Global premium income is expected to shrink by -3.8% in 2020 (life: -4.4%, P&C: -2.9%), three times the pace witnessed during the Global Financial Crisis, the Allianz Global Insurance Report
latest edition shows. Compared to the pre-Covid-19 growth trend, the pandemic will shave around EUR 358 billion from the global premium pool (life: EUR 249 billion, P&C: EUR 109 billion)
New risks and trends accentuated by the COVID-19 pandemic are emerging, but the current crisis shouldn't overshadow the need for the world to transition to a more sustainable economy and a low-carbon future, the new Swiss Re Institute's SONAR report
European Insurance and Occupational Pensions Authority (EIOPA) published its April 2020 Risk Dashboard. COVID-19 outbreak created high uncertainty in the insurance market, affecting the other financial industries as well.
Insured losses from disaster events totaled USD 60 billion, while global economic losses reached USD 146 billion, the latest sigma report shows. Population growth, urbanization and economic development have triggered a rise in losses from weather events, masking the impact of climate change in a dynamic risk landscape.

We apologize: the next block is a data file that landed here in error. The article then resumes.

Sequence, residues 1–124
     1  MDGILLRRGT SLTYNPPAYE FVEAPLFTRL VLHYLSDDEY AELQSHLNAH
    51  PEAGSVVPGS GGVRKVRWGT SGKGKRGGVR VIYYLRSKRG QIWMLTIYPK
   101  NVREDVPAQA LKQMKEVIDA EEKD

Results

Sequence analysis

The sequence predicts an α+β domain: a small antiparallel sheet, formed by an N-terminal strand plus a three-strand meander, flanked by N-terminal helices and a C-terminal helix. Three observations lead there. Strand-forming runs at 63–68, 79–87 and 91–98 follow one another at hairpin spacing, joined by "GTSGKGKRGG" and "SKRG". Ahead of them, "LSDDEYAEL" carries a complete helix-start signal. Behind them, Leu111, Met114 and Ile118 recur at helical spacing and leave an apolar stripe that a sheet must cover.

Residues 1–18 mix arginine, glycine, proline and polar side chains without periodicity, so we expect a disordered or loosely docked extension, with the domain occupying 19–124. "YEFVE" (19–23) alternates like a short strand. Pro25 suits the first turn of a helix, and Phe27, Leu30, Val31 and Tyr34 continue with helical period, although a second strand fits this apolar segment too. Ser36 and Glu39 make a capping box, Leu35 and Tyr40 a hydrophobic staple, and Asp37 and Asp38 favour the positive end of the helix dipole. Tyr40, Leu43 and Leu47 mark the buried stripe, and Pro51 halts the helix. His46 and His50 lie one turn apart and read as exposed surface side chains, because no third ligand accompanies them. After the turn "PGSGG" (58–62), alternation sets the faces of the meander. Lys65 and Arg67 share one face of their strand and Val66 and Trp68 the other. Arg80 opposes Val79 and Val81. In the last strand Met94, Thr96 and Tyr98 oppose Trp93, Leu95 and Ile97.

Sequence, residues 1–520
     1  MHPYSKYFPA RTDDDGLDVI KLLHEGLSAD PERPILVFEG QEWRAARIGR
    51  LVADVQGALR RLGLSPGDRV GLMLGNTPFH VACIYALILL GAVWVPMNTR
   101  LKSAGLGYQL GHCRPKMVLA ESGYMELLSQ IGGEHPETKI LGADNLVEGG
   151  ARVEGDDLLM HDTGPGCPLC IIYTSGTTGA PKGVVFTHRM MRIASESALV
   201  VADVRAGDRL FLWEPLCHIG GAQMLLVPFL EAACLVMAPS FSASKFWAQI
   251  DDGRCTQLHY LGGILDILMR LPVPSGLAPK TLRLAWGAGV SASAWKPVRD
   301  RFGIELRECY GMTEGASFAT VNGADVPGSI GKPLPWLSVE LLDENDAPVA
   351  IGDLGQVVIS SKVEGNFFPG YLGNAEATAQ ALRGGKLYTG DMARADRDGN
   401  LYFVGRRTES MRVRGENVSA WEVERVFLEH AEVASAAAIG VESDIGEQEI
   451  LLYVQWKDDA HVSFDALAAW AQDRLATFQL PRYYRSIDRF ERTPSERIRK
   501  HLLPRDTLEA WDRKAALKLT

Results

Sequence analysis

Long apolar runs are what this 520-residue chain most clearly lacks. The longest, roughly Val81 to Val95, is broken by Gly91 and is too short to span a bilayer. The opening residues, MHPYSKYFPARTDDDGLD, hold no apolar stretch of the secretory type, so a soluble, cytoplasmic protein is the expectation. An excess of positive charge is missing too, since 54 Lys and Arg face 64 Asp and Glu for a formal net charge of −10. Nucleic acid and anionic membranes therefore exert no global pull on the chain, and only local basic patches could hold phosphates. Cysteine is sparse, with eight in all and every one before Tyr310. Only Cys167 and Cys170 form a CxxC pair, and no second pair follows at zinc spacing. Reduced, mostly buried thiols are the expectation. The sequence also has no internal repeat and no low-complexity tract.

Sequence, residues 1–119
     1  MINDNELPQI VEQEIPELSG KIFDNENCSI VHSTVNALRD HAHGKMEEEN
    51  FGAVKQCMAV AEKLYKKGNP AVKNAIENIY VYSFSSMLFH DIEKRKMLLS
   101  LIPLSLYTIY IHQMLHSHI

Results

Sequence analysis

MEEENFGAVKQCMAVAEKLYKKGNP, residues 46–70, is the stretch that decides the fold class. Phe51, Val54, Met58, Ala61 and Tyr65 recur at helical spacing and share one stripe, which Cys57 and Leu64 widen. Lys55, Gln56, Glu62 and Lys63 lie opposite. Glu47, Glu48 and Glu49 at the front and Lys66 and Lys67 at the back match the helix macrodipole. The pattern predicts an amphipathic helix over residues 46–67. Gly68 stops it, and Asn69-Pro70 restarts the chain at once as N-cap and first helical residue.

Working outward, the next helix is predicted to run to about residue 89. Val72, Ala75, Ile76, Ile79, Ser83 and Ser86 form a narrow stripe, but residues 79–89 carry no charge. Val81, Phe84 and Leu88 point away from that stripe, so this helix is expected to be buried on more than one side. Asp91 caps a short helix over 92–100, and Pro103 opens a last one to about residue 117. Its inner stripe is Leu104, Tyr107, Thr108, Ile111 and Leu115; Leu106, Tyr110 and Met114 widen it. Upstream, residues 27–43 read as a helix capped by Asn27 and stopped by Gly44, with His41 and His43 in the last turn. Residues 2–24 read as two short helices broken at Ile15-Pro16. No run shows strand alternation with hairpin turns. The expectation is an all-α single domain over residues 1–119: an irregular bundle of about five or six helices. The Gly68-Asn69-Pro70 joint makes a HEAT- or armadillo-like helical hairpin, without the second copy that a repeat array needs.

In January 2020, Allianz Global Corporate & Specialty (AGCS) has published its ninth Allianz Risk Barometer
survey, the biggest one yet, including 2,718 respondents from 102 countries and territories.
Global commercial insurance prices increased by 7.8% year-over-year at the end of the third quarter of 2019, according to Marsh's quarterly Global Insurance Market Index
In a recent political risk report for the year 2019, Willis Towers Watson (WTW) and Oxford Analytica found that 61% of 41 global corporations believe political risk levels increased in 2019. Disruption of international trade was considered the most significant risk in the majority of regions.
Has the global warming affected all weather phenomena in the world? Is it behind each storm or hurricane? That dispute is irrelevant to insurers. The changing climate does influence the insurance industry. We have to face a bigger exposure, bigger number of people and higher value of the property exposed to damage caused by weather phenomena. We have to educate people how climate risk affects their lives and property.
84% of insurers will increase Fintech partnerships over the next 3-5 years, CARASURANCE researchers have found. Get to know the most fascinating numbers and facts about Fintech, one of the most booming industries of our days in the infographic prepared by CARASURANCE.
European insurers wrote a total amount of EUR 1,311 billion in premiums and paid EUR 1,069 billion in claims and benefits during 2018, shows one of the latest Insurance Europe analysis.
In a survey of nearly 13,000 business leaders in over 130 countries, respondents ranked "fiscal crises" as the leading risk to doing business at a global scale, World Economic Forum reports.